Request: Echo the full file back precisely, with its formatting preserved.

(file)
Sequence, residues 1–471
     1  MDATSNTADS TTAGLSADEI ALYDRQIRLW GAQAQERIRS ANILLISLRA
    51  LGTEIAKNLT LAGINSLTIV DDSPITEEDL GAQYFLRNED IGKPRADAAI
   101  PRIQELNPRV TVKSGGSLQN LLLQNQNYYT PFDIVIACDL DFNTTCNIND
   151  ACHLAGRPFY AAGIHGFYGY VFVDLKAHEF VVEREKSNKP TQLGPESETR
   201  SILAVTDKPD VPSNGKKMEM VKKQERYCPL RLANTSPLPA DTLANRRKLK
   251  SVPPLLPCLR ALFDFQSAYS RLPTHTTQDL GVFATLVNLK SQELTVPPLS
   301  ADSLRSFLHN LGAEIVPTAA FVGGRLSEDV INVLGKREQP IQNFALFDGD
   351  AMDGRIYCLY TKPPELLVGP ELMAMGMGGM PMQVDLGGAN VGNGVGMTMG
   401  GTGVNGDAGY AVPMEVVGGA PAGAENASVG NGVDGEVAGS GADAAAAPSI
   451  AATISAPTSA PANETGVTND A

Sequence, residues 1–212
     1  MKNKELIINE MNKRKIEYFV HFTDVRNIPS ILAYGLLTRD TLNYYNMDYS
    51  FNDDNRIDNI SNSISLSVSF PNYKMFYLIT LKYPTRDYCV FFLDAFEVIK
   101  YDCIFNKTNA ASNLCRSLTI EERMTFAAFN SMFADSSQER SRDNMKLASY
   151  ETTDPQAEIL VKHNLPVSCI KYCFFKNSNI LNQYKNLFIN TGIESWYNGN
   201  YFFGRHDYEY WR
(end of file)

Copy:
Sequence, residues 1–471
     1  MDATSNTADS TTAGLSADEI ALYDRQIRLW GAQAQERIRS ANILLISLRA
    51  LGTEIAKNLT LAGINSLTIV DDSPITEEDL GAQYFLRNED IGKPRADAAI
   101  PRIQELNPRV TVKSGGSLQN LLLQNQNYYT PFDIVIACDL DFNTTCNIND
   151  ACHLAGRPFY AAGIHGFYGY VFVDLKAHEF VVEREKSNKP TQLGPESETR
   201  SILAVTDKPD VPSNGKKMEM VKKQERYCPL RLANTSPLPA DTLANRRKLK
   251  SVPPLLPCLR ALFDFQSAYS RLPTHTTQDL GVFATLVNLK SQELTVPPLS
   301  ADSLRSFLHN LGAEIVPTAA FVGGRLSEDV INVLGKREQP IQNFALFDGD
   351  AMDGRIYCLY TKPPELLVGP ELMAMGMGGM PMQVDLGGAN VGNGVGMTMG
   401  GTGVNGDAGY AVPMEVVGGA PAGAENASVG NGVDGEVAGS GADAAAAPSI
   451  AATISAPTSA PANETGVTND A

Sequence, residues 1–212
     1  MKNKELIINE MNKRKIEYFV HFTDVRNIPS ILAYGLLTRD TLNYYNMDYS
    51  FNDDNRIDNI SNSISLSVSF PNYKMFYLIT LKYPTRDYCV FFLDAFEVIK
   101  YDCIFNKTNA ASNLCRSLTI EERMTFAAFN SMFADSSQER SRDNMKLASY
   151  ETTDPQAEIL VKHNLPVSCI KYCFFKNSNI LNQYKNLFIN TGIESWYNGN
   201  YFFGRHDYEY WR